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Driving change: efforts to reform drug policies gained traction in Georgia

A series of pivotal meetings convened in Georgia throughout 2023 marked a significant step forward in the campaign to promote effective and humane drug policies across Eastern and Central Europe and Central Asia. These meetings have been organized to bolster the adoption of documents crafted on the foundation of the Guiding Principles Towards Effective and Humane Drug Policies, as developed by The Eastern and Central European and Central Asian Commission on Drug Policy. On December 14, 2023, a new one was hosted by The Social Justice Center.

Central to the focus for organizations such as the Eurasian Harm Reduction Association (EHRA) and the Social Justice Center was the imperative to enact reforms concerning the deprivation of civil rights for individuals involved in drug-related offenses. At the inception of the project, the Social Justice Center embarked on an exhaustive examination of recent legislative changes and policy shifts in drug laws. This comprehensive process entailed meticulous scrutiny of statistical data sourced from key governmental bodies, including the Ministry of Internal Affairs (MIA), the Prosecutor’s Office, and the judiciary. Of particular import was the detailed analysis of statistical indicators about the deprivation of civil rights for individuals convicted of drug offenses. The result of these efforts materialized in the development of the Annual Drug Policy Report for 2022.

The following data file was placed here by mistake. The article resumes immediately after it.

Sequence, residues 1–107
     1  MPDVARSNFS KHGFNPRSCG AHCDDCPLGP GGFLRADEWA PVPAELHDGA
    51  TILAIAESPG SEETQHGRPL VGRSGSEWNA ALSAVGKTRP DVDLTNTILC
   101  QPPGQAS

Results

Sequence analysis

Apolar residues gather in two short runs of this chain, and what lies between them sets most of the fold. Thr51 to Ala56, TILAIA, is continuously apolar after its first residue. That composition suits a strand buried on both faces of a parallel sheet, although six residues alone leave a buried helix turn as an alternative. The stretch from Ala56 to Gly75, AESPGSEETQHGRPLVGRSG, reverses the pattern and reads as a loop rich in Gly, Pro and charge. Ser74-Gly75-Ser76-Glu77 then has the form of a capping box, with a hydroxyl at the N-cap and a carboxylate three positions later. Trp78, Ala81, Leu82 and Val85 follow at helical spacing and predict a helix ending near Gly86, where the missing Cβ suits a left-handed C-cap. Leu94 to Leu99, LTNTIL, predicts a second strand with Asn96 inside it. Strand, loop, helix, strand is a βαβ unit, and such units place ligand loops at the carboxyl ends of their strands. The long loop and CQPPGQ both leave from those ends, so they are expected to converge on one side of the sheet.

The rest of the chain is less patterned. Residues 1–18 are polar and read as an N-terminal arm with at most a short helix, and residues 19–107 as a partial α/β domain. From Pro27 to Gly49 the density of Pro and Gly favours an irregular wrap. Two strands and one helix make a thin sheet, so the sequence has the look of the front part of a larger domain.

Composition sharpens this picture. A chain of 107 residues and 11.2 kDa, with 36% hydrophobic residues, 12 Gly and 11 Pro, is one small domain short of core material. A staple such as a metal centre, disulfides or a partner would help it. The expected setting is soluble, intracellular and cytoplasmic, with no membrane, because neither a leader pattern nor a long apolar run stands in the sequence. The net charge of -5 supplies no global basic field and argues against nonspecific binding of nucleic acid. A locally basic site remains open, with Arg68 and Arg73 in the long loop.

A pivotal outcome of this intensive research and advocacy was the formulation of the policy document titled “Deprivation of Rights for Drug-Related Crimes” and the accompanying draft legislation aimed at amending the “Law of Georgia on Combating Drug-Related Crimes.” These critical documents were extensively deliberated upon during the meeting convened on December 14th. The “Deprivation of Rights for Drug-Related Crimes” document represented a groundbreaking initiative, drawing upon insights gleaned from individuals directly impacted by the practice of civil rights deprivation. Notably, it constituted the inaugural systematic analysis of the prevailing framework governing rights deprivation for individuals convicted of drug-related offenses, informed by both legislative scrutiny and qualitative data derived from firsthand experiences.

The draft legislation, designed to introduce substantive changes to the existing legal framework, targeted two primary areas for reform:

  1. Duration of Deprivation of Rights: proposals were advanced to revise the length of time for which individuals could be deprived of their civil rights.
  2. Judicial Discretion: Advocates underscored the need to transition from a blanket approach to rights deprivation towards a more nuanced system guided by judicial discretion.

Furthermore, the draft legislation aimed to afford individuals subject to administrative penalties the opportunity to seek restoration of their deprived rights before the expiration of the designated term. In pursuit of broad-based support for these transformative legal initiatives, the Social Justice Center engaged in substantive discussions with representatives from three major political parties, seeking to foster collaboration and garner endorsement for the proposed reforms.

As the momentum for change continues to gather pace, the concerted efforts of stakeholders across the region underscore a resolute commitment to advancing equitable and rights-based drug policies, laying the groundwork for a just and equal future.